"Twilight Children" cover by Darwyn Cooke
Credit: Darwyn Cooke (DC Comics)
Credit: Marvel Comics

Civil War II #0
Written by Brian Michael Bendis
Art by Olivier Coipel and Justin Ponsor
Lettering by Clayton Cowles
Published by Marvel Comics
Review by David Pepose
‘Rama Rating: 8 out of 10

Well, I didn’t see that coming.

By “that,” I mean enjoying this zero issue for Civil War II. On its surface, there’s the whiff of cash-grab all over it, with the theme of predicting and stopping crime before it can even happen feeling like less like a fresh idea and more a naked attempt to ride on the coattails of a certain blockbuster movie starring Chris Evans. But no one (unless they’re an Inhuman) can predict the future, and much to my surprise, Brian Michael Bendis delivers a tightly focused, character-driven opener that’s elevated by some spectacular artwork by Olivier Coipel. War might be hell, but Civil War II’s opening salvo proves to be some pretty compelling stuff.

For those who expect some hard-and-fast action right out of the gate, though, you might be disappointed — this issue is largely just setting up Captain Marvel and She-Hulk’s perspectives and points of view, which I think is necessary given that they’re not nearly in the public consciousness as much as Captain America and Iron Man were in the original Civil War. But Bendis does some terrific work elevating these two heroes’ Q-ratings ahead of this impending conflict, giving them believable motivations based on their roles as a legal defender and director of Alpha Flight. She-Hulk’s opening speech, defending the rights of a former supervillain, is the particular highlight of the book, nicely establishing this book’s main theme — can you punish someone for actions not taken? And when do we draw the line of punishing someone for thought?

For Bendis, whose scripts can often come across as scattered or decompressed, this is actually some pretty thoughtful work, with most of his characters having a nice bit of humanity to them, such as Captain Marvel having a surprisingly compassionate drop-in in the form of super-psychologist Doc Samson, or War Machine getting a very interesting job offer from the Commander-in-Chief himself. While the three main characters don’t interact in this story just yet, Bendis is doing his homework here, giving readers an adequate rationale for why these heroes might be at each other’s throats in the next few months — and unlike the original Civil War, which did alienate some readers because of Cap and Tony’s clashing egos, this is an almost more humane dilemma. Carol and Jen aren’t bad people, and they don’t even seem to hate each other (at least, not yet) — they’re two good people who happen to have two very different backgrounds and two wildly different ideas of how to make the world a better place.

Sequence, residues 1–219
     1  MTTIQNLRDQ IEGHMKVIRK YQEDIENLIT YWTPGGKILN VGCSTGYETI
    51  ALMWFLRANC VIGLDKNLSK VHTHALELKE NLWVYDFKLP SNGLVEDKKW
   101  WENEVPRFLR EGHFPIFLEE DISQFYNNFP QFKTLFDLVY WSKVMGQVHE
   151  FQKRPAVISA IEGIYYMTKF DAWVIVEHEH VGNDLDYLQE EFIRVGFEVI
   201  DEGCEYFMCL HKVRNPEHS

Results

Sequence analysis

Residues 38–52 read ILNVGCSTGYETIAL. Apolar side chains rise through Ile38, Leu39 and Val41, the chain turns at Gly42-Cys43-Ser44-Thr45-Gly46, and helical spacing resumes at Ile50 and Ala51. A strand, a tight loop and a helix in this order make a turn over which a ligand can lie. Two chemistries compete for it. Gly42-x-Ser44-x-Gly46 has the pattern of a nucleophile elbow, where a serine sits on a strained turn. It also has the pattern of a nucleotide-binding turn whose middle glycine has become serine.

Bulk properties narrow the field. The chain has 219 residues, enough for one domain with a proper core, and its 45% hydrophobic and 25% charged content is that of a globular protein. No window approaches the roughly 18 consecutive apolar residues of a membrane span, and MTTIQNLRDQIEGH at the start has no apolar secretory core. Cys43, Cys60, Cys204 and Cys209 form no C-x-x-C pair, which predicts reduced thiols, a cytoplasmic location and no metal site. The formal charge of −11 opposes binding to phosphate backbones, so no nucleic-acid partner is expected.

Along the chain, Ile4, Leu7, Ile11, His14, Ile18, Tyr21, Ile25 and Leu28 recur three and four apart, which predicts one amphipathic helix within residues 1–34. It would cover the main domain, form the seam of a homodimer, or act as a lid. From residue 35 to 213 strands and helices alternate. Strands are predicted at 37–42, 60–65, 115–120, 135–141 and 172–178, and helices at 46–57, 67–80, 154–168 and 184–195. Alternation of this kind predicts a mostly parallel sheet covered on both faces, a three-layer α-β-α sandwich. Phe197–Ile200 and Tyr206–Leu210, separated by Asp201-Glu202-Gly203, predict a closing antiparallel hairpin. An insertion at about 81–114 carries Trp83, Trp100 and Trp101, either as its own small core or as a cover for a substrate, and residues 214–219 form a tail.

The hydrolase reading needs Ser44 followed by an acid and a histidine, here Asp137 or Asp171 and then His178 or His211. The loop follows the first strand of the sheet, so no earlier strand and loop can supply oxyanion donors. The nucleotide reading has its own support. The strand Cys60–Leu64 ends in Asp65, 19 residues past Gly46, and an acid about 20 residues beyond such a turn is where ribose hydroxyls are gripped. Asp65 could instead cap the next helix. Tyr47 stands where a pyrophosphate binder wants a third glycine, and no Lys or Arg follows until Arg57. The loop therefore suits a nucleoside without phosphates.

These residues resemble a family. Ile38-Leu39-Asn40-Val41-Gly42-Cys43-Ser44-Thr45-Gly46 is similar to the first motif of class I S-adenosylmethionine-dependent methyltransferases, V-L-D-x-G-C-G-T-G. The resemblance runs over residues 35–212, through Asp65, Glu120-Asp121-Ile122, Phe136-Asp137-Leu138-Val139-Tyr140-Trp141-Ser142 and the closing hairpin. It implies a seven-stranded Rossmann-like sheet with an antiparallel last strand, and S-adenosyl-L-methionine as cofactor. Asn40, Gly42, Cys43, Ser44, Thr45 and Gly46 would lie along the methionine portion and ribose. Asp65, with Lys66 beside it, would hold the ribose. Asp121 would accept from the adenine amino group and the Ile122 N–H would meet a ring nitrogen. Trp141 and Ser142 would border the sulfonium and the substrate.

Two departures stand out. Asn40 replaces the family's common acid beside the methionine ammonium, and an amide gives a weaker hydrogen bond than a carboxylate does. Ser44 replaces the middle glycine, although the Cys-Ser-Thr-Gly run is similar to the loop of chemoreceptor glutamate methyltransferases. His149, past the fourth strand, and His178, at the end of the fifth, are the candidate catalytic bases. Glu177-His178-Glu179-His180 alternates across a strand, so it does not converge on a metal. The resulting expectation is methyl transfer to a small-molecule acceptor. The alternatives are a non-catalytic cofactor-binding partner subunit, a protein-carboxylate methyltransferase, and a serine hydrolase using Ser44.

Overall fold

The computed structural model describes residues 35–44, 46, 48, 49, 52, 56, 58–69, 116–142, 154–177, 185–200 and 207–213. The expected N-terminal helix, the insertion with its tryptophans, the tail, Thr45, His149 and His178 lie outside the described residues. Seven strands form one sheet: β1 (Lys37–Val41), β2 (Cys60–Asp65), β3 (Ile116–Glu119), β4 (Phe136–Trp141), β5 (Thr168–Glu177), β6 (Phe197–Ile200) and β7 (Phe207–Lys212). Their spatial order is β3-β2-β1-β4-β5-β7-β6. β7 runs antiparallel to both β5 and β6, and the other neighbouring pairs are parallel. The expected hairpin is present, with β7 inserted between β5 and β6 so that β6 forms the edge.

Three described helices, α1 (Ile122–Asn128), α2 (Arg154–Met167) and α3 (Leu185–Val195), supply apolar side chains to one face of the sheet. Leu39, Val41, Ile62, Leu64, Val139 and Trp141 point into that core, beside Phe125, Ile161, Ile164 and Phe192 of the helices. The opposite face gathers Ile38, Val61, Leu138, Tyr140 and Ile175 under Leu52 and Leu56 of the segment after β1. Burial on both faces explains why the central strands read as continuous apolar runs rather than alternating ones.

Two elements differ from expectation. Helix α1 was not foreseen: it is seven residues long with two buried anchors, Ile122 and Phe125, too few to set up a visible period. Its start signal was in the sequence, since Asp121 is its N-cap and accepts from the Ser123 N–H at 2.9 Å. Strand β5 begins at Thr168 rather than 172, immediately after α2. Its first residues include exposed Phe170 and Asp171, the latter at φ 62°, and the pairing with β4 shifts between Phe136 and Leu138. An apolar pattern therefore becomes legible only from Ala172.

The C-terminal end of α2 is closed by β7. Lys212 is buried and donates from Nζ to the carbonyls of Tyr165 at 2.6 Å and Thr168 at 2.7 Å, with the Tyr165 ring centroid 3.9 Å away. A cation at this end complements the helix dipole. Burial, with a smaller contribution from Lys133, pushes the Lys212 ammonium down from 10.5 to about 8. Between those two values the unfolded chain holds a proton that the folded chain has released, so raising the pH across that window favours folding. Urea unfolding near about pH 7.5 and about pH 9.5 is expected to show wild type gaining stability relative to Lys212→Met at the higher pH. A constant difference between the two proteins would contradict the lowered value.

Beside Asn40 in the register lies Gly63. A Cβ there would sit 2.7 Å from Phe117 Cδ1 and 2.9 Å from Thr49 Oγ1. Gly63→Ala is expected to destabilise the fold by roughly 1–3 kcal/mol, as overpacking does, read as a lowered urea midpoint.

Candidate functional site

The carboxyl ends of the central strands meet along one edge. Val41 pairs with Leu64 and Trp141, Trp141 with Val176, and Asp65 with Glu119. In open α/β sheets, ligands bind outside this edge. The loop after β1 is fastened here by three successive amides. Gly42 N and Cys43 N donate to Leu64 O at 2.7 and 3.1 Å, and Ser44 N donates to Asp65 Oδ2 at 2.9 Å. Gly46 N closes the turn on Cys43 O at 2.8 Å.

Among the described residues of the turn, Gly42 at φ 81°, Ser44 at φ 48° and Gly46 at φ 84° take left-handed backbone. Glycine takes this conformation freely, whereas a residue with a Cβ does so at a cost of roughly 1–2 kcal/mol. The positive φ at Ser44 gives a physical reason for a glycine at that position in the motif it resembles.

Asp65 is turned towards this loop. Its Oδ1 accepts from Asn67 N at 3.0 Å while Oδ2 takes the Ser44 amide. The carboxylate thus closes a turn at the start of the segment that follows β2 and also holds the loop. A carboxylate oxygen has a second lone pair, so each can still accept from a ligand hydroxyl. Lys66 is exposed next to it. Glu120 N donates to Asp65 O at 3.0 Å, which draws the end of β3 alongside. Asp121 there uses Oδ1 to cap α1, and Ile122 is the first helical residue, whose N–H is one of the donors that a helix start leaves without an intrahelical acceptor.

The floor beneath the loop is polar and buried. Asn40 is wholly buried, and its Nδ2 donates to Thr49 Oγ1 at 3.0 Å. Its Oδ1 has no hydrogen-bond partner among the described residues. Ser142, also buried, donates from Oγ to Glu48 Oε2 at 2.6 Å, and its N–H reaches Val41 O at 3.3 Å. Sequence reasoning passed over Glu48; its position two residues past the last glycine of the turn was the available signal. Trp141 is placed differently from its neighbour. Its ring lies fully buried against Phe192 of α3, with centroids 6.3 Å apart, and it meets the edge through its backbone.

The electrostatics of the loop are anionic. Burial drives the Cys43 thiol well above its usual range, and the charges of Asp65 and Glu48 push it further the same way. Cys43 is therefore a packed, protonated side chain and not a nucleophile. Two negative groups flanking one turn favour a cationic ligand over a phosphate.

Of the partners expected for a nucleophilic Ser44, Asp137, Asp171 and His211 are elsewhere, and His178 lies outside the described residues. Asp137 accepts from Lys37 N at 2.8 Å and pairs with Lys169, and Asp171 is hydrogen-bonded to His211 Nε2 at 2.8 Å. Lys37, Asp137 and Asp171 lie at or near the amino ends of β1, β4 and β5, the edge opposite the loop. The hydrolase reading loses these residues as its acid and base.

It also doesn’t hurt that Bendiss is able to sell this issue with some superb artwork from Olivier Coipel and Justin Ponsor. Aside from a single page of War Machine preparing for battle (a battle which never actually materializes, tellingly), there’s no action in this book, but Coipel makes you forget all that with some lovingly rendered conversation scenes. She-Hulk in the courtroom looks dynamic and dashing with well-placed contrast of light and shadow as opposed to her chic and super-cool aviator glasses she wears on a S.H.I.E.L.D. helicarrier, while you can’t help but smile as Captain Marvel warmly places a hand on Doc Samson’s chest when she greets him. (Indeed, while the She-Hulk scene might show off Bendis’s chops the most, Coipel excels with Carol — there’s so much great body language at play here, as there’s a real sense of nervousness to this guardian of the spaceways, who views the Earth the same way a parent would an accident-prone child.)

The only downside to this issue so far is when Bendis has to strike out outside of previously established heroes, with two soon-to-be Inhumans feeling a little underdeveloped as characters. Some of this isn’t Bendis’s fault, however — the Inhumans still feel a bit like the “fetch” of the Marvel Universe, but shoehorning them in as a prospective catalyst to Civil War II still feels like a bit of stretch, with the Terrigen Cloud still moving around and transforming vast swathes of people years after Infinity took place. But once you accept this somewhat bitter pill, Bendis does what he has to do establish this plot point, making it clear for readers for future issues. That said, it’s not nearly as down-to-earth and understandable as, say, the Stamford accident in the original Civil War, which I think keeps this conflict from feeling like Marvel’s trademark “world outside your window.”

Minor flaws in the premise aside, Bendis and Coipel deliver some surprisingly charming work with Civil War II #0, which — at least thus far — doesn’t feel like the shameless cash-in that you might expect from this summer event sequel. While it remains to be seen if this creative team can stick the landing once tensions escalate, this is a great way to further establish some deserving Marvel characters outside of the Captain America/Iron Man bubble, and a strong foundation for some bigger fireworks down the line.

Credit: DC Comics

Superman: American Alien #7